• A systematic process of refreshment is implemented and new households are added to the panel at each wave. That is the reason there are two types of questionnaires: the baseline questionnaire for respondents who participate in a SHARE interview for the first time and the longitudinal questionnaire for respondents who participated in SHARE before;
  • There are different components of the survey with different sources of information collected under different data collection modes. The data collection modes include face-to-face interviews based on computer-assisted personal interviewing (CAPI) on household level, CAPI on individual level for different types of household members, paper and pencil (PAPI) drop-off questionnaires, so-called vignettes, i.e. questionnaires on respondents reactions to specific situations, physical tests, collection of dried blood spots (only in some countries), specific end-of-life questionnaires, interviewer observations and generated variables;
  • Different types of respondents answer different parts of an interview for household: (1) family respondent, (2) financial respondent, (3) household respondent; in addition, e.g., in case of physical or cognitive limitations of dedicated respondent, it is possible to organise a 'proxy interview' with another member of the household (proxy respondent);
  • The survey and its database are also structured by topics.

Unique identifiers

The features of the surveys which are described above, result in a complicated relational database.
Up to 30 different data modules are available for each wave of the survey, for each of participating countries and for databases combined across time and countries. Moreover, there are also two levels of data based on units of observation, households or individuals. Data from different modules and/or waves may be merged using the following set of unique identifiers:

  • For merging data on an individual level the variable “mergeid” provides a unique and non-changing person identifier for all waves. It has the format “CC-hhhhhh-rr” (e.g. “AT-070759-01”), where CC refers to the short country code (here: “AT” for Austria), “hhhhhh” are digits to identify the household, and “rr” is the respondent identifier within each household.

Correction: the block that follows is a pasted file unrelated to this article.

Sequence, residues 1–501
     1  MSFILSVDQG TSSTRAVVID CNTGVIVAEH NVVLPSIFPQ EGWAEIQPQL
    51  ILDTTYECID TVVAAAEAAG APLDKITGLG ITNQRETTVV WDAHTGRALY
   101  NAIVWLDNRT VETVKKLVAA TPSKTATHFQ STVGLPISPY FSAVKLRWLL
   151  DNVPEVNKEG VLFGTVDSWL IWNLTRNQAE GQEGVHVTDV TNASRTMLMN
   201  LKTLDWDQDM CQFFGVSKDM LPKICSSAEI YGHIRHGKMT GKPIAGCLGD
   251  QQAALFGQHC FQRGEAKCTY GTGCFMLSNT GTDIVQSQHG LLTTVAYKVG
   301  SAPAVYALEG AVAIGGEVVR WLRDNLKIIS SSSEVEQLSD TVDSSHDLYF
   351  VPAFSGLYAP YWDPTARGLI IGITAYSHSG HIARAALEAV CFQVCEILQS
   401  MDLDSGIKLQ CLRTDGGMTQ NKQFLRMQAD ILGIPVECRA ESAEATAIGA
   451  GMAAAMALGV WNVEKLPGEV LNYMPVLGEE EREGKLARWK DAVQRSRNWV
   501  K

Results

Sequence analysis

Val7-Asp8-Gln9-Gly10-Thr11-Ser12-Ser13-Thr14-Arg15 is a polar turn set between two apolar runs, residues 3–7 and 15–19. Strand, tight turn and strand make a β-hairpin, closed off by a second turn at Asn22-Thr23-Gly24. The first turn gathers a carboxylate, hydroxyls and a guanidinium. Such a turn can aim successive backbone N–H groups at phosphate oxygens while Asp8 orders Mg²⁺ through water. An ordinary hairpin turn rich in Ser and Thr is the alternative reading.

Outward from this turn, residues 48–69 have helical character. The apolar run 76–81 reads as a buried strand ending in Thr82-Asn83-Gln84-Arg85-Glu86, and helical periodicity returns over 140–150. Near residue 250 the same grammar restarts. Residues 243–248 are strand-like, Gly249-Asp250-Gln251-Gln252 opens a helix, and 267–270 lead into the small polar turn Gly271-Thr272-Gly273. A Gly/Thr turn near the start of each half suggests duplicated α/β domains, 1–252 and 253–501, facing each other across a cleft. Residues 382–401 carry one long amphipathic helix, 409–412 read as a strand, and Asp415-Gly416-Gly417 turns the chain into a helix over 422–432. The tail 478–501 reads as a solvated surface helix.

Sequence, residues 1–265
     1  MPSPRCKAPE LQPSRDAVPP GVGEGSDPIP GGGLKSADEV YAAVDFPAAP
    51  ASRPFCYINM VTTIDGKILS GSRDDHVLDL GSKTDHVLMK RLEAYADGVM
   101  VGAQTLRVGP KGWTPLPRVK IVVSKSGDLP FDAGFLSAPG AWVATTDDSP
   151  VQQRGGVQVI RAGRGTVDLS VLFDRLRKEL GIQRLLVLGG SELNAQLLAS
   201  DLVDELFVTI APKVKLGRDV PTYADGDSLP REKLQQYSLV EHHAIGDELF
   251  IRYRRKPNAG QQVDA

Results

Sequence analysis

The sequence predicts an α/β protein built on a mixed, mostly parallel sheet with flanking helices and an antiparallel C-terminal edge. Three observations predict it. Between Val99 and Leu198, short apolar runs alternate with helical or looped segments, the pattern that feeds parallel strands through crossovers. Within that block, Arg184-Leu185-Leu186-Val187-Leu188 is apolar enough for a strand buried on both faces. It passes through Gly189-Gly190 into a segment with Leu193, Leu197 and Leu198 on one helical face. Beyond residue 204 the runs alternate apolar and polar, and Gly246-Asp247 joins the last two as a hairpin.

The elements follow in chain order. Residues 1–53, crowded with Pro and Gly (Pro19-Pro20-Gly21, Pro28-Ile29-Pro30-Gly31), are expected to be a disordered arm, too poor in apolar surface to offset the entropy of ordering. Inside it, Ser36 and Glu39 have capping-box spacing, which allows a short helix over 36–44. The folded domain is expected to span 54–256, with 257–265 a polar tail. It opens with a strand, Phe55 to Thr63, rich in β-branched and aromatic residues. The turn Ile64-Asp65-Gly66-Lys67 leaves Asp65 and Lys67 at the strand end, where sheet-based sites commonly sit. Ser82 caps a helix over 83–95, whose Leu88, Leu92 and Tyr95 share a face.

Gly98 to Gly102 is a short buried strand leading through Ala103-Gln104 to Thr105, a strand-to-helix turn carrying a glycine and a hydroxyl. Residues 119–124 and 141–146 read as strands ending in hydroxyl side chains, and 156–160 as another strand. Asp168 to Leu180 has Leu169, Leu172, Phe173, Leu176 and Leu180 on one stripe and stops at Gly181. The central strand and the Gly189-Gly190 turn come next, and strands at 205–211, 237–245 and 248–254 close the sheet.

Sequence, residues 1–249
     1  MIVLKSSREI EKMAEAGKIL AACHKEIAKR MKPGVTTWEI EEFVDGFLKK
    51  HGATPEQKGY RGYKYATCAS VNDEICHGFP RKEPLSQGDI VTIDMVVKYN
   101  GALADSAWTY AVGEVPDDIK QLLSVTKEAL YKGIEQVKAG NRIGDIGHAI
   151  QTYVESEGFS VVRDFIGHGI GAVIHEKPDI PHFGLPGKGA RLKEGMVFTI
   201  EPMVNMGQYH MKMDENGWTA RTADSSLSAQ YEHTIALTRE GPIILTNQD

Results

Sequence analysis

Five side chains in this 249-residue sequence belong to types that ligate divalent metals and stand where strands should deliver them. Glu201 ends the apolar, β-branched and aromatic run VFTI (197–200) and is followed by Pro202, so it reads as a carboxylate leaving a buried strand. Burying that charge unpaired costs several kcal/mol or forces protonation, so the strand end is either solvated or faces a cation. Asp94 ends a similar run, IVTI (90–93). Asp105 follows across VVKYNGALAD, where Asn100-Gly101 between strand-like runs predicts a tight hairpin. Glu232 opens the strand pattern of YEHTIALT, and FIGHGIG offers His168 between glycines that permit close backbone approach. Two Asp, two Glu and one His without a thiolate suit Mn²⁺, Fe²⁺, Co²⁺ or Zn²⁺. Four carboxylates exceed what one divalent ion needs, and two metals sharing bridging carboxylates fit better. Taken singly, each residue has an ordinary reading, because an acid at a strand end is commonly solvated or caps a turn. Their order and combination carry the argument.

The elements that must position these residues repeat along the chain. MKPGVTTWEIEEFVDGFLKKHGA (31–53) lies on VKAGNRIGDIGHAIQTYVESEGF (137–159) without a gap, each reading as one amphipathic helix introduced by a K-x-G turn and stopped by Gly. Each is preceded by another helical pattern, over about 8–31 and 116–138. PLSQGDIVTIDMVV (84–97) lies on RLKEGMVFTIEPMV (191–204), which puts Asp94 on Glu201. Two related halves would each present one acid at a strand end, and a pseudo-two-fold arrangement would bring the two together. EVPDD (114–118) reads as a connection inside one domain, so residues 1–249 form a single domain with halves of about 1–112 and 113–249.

• For merging data on the household level there is a set of variables hhid`w’, where `w’ indicates the respective wave. hhid`w’ has the following format “CC-hhhhhh-S” (e.g. “AT-070759-A”), where “CC” refers to the short country code, “hhhhhh” is the household identifier, and “S” identifies possible split households, i.e. the household of a panel member who moved out of a previous household. In case of a household split there is not only an “A”-suffix but also “B”, “C”, etc.

In addition, there are several 'Special Data Sets', e.g. interviewer survey, country-specific projects to link SHARE data with selected administrative records and 'Biomarkers' (objective health measures or a retrospective panel about working life histories of SHARELIFE respondents (SHARE Wave 3)).

For purposes of analysis, SHARE provides a very extensive set of weights (See Weighting). Which weights to use really depends on the concrete research question, i.e. the cross-sectional or longitudinal nature of the study, the waves under investigation, the unit of analysis (household or individual), and the reason for weighting sample observations (SHARE, 2017: 34).

easySHARE for training purposes

Working with the SHARE panel data is very demanding. Thus, in addition to the standard SHARE database, also a longitudinal data set "easySHARE" has been created for training purposes. It contains only selected variables merged into a single data file, making it more user-friendly. However, for deeper analysis, a standard database is necessary.

Dive in deeper?

We have a subtopic prepared for you on organising variables. Here you will find tips on how to build the internal structure of quantitative data files by organising, naming and labeling variables.

Alternatively, you can proceed to the section on designing file names and folder structures.